A Quart of Paint

If you’re a homeowner, you know that you can never complete your project list. All you can do is try to keep it from getting longer. At our house, outside projects are my job and in the Northwest, that means get them done in the summer.

In the spirit of shortening the list, I stopped by a Sears yesterday to pick up a quart of exterior primer paint for one such job.
And found that Sears no longer sells paint. HOW IS THAT POSSIBLE!?
When we first moved up here from the Los Angeles area north of 20 years ago (Yes, I do appreciate the irony of my having found my way into action sports by moving from SoCal to Seattle), there was a chain of home stores called Ernst. It was obvious they were struggling, but when they started to carry furniture and all kinds of other stuff basically, in my view, desperately putting on the floor whatever they thought might possibly sell, I knew they were toast. Shortly thereafter, they were out of business.
It’s no secret Sears has been struggling. But when I saw they were no longer carrying paint I said, “Okay, that’s it.”
Tactically, I’m sure their carefully conducted analysis showed that paint was a money loser for Sears. So they got out of it.
But it’s way more than a financial decision. It’s a decision about who their customers are and what they expect from Sears. Truth is, I mostly go to Home Depot and Lowes now because I know that whatever I want for home repair, maintenance, or remodeling they are likely to have it. But Sears was convenient, and I had a residual affinity for it as a home store. But somehow their not having paint flipped a switch in my fontal lobe and what was clearly a delusion on my part is gone.
Sears used to be the place where you could get everything. If not in the stores then through the catalog. For certain items, it could be the only choice for people in parts of the country, and they were happy with Sears even if it took weeks to get the product. It’s way easier to be a retailer when your customers have no choices and love you anyway.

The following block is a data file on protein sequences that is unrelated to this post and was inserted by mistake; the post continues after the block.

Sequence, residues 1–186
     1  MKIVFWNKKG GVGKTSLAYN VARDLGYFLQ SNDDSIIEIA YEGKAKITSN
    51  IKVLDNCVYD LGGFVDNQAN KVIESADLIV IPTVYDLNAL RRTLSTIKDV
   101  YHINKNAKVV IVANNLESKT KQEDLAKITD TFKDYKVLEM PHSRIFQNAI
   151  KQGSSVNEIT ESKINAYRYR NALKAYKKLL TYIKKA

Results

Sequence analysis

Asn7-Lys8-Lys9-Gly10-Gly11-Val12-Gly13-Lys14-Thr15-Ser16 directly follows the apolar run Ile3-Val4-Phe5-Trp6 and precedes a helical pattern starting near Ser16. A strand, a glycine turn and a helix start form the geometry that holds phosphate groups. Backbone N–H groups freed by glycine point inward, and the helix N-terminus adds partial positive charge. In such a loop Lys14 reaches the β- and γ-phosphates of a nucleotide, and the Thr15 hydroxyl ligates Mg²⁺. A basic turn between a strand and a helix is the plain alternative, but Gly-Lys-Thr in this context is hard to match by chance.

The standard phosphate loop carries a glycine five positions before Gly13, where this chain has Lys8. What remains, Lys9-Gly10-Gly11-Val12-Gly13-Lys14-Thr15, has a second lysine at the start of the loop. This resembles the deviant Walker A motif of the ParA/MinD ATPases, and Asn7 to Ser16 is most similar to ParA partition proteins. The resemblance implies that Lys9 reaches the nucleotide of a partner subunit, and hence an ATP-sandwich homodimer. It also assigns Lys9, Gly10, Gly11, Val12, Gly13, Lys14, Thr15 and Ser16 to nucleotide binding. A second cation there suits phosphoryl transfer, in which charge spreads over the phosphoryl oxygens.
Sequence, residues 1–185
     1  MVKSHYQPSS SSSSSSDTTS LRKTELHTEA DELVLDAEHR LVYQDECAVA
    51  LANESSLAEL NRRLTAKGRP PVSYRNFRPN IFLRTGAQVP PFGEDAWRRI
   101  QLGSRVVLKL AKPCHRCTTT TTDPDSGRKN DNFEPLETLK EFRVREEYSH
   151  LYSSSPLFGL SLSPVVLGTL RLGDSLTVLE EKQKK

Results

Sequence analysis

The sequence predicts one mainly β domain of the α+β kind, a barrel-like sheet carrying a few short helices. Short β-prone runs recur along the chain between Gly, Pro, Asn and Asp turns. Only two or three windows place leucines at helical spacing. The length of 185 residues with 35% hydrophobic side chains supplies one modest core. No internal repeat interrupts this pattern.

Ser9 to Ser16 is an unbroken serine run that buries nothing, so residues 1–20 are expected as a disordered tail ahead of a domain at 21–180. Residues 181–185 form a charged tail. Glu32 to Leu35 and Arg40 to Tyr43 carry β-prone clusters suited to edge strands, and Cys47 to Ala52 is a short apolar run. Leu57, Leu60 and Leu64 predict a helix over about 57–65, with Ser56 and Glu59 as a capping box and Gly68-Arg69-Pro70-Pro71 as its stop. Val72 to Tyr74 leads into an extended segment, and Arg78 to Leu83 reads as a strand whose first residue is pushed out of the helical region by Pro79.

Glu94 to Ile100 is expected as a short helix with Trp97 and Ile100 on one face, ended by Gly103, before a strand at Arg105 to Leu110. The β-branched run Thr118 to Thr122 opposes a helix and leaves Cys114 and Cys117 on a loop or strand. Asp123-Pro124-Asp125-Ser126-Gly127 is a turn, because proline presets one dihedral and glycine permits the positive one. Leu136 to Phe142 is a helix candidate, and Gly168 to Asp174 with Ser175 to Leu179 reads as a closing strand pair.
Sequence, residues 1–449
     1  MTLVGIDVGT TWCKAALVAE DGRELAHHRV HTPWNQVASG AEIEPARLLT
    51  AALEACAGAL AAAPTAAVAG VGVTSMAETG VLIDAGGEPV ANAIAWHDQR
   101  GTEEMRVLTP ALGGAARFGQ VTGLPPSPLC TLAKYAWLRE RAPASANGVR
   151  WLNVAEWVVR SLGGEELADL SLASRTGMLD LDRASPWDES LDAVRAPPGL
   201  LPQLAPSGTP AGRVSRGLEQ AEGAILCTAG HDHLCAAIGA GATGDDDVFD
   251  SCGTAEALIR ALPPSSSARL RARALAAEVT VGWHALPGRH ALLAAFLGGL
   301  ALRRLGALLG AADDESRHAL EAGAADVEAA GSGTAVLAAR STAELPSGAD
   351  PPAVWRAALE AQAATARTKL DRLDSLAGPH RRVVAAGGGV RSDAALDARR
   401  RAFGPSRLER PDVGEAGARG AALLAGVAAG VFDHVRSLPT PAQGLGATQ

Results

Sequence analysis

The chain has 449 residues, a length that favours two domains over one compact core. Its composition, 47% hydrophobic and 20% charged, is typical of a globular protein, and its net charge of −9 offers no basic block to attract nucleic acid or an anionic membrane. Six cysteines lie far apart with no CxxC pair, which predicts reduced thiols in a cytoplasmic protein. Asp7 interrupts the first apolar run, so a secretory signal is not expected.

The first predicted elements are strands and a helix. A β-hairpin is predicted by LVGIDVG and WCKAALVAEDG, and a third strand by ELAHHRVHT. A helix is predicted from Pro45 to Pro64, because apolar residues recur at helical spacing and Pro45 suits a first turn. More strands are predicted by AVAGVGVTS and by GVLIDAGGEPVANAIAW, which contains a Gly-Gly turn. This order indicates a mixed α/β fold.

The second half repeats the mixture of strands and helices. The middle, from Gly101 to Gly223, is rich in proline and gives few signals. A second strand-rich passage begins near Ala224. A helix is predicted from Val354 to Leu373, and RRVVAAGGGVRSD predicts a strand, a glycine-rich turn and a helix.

Sears has a hangover from the party it threw while selling almost everything to everybody. Now, why would you choose Sears? It sells hardware, home improvement, clothing, shoes, appliances, electronics, towels and bedding and probably some categories I’m forgetting. Oh yeah- auto repair. Is it your first choice for any of those? Can you think of anybody else that tries to compete in all those categories? To make it worse, we can all think of places with better selection, prices, and/or service in any of those categories.
Sears competes with everybody. Which is impossible and maybe means they are not very relevant as a competitor. I’d also note that the chains I consider the closest overall competitors to Sears (Walmart, Fred Meyers, Target, etc.) are also carrying food; the one thing Sears seems to have stayed away from.
Sears is a hodge podge of unrelated categories no longer connected by a defined consumer need and I don’t think they do any of the categories particularly well. It’s a bad place to be. And, as we all know, it’s made worse by an economy where sales increases are harder to come by.
I’m not writing about Sears because I’m worried about them leaping into the youth culture business (though, hell, everybody else has). They are a poster child for two business conditions. The first is owning a market niche (a damnably big one in Sear’s case) and having the market evolve away from you. Markets, of course, always change, so you have to expect that. I also expect you aren’t going to be able to predict how they change.
The second, said before but worth saying again, is that when you try to be meaningful to everybody, you can end up being meaningful to nobody.
It’s certainly an old story to us. Credible, successful brand tries to leap beyond its customer franchise alienating existing customers, never really distinguishing itself with the new target customers, and finding the competition from the whales in the new ocean overwhelming. Or credible, successful, brand just continues to do what it’s always done and ends up screwed as the market changes and it doesn’t.
It has, I think, always been true that you couldn’t just sit in your niche. Neither could you infinitely extend your brand. But cash flow, I’ve said, covers up a host of problems and it was easier to do nothing, or do the wrong thing, in the old economy and get away with it for a while.